All the Fighting They Want: The Atlanta Campaign from Peachtree Creek to the City's Surrender, July 18-September 2, 1864, by Stephen Davis. This is another volume in the "Emerging Civil War Series" published by Savas Beatie and the second in a series on the Atlanta Campaign by the same author. Like others in the series this book provides an excellent narrative of the campaign as well as being an excellent travel guide to the sites that still exist around Atlanta. The author, Stephen Davis, is well qualified to write this volume since he has authored a number of other excellent works on the campaign and has the benefit of being an Atlanta resident. In particular, Mr. Davis focuses on the presence of monuments and historic markers and discusses their historical reliability. This book begins just as General Joe Johnston has been relieved after failing to stop the Union army in their drive on Atlanta, and failed to give any hint of a plan to do so. General John Bell Hood assumed the command with the mandate to do SOMETHING to stop the yankees. I think that General Hood did the best he could possibly have done under the circumstances (we will leave out the subsequent Tennessee campaign). He was heavily outnumbered, and General Sherman did not make many mistakes. His plans were daring, but reasonable, in that he tried to overwhelm isolated sections of Sherman's force with masses of his own men, using minimal numbers of his own troops to pin down the remainder of the Federal force. Circumstances, luck, and probably the inability of the Army of Tennessee to coordinate its operations made the difference. The operational history of the Confederate Army of Tennessee mitigated against it's ability to conduct the type of operations that Stonewall Jackson routinely conducted in the Army of Northern Virginia. It is important to note that Hood came from and distinguished himself in the Army of Northern Virginia. This book is an excellent work to read in order to get a very good overview of the campaign.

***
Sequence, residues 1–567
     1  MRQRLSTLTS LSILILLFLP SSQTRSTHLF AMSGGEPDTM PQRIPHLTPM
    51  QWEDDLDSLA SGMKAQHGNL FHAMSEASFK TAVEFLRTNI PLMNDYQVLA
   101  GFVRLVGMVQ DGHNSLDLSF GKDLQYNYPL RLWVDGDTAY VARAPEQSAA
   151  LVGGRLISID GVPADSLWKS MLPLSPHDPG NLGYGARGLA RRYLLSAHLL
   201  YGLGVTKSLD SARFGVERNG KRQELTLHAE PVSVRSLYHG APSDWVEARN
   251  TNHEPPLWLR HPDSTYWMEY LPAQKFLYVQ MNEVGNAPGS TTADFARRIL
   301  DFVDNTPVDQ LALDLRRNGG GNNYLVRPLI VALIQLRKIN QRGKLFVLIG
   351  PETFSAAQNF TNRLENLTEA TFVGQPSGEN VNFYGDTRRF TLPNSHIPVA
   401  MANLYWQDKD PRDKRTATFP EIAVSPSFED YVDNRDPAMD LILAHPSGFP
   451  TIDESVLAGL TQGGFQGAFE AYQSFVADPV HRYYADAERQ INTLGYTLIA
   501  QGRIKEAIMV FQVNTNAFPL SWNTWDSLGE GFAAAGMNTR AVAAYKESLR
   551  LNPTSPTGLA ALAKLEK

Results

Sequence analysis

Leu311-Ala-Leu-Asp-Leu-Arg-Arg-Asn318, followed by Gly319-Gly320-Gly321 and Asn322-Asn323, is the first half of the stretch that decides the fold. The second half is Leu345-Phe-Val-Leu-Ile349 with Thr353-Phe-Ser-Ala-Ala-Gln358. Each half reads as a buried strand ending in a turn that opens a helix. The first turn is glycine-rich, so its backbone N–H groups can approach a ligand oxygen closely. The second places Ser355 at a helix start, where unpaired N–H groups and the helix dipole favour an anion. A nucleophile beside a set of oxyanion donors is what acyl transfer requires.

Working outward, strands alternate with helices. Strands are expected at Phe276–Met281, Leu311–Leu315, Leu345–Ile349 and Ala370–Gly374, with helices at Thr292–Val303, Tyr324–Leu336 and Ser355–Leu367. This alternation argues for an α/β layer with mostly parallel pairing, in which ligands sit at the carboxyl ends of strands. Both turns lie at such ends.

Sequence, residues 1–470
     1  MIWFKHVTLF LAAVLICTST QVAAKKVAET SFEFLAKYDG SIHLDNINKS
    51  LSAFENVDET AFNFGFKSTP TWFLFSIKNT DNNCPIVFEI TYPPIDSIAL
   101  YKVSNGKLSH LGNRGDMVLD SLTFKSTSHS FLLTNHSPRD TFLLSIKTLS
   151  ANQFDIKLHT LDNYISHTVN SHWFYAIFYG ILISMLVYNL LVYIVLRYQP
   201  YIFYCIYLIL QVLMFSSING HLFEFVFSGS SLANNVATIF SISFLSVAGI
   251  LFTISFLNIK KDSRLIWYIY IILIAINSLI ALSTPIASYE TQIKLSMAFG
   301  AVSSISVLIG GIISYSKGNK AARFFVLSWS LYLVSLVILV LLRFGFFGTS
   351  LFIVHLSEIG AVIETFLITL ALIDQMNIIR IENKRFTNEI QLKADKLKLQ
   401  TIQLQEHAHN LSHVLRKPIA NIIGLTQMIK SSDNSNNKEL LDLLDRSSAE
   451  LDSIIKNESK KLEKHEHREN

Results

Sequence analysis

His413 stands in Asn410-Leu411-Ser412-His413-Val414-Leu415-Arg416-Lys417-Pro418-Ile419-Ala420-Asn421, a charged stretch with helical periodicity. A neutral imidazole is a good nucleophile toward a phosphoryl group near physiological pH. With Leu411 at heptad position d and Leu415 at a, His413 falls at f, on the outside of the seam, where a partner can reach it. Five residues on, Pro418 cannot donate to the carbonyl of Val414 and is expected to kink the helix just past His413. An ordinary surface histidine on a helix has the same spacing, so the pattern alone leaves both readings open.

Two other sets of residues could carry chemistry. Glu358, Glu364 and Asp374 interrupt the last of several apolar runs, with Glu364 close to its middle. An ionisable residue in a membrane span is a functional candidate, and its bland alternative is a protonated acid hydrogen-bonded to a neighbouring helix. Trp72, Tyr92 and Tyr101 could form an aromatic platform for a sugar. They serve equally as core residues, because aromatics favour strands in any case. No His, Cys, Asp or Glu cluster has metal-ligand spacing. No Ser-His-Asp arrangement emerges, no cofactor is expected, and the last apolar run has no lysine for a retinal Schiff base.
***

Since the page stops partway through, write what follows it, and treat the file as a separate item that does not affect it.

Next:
The Reconstruction Era, edited by Robert K. Sutton and John A. Latschar. Published by Eastern National. This book is an official National Park Service Handbook. I bought this at the Cedar Creek National Battlefield Visitor Center on my trip there in August. The book is a collection of essays on various reconstruction related subjects by various authors. The essays range from "Political Reconstruction" to "Southern Reconstruction Governments" , and "Constitutional Reconstruction" to "Reconstruction in the North". Generally, the essays are well written and interesting, though they tend to veer into political correctness on ocasion. The overall theme of the book is that Reconstruction was one heck of a mess, and that President Andrew Johnson--who tends to have a bad rap among historians--actually, despite his rhetoric, was not that harsh toward the South. This book is reasonably informative work on this messy era in American history.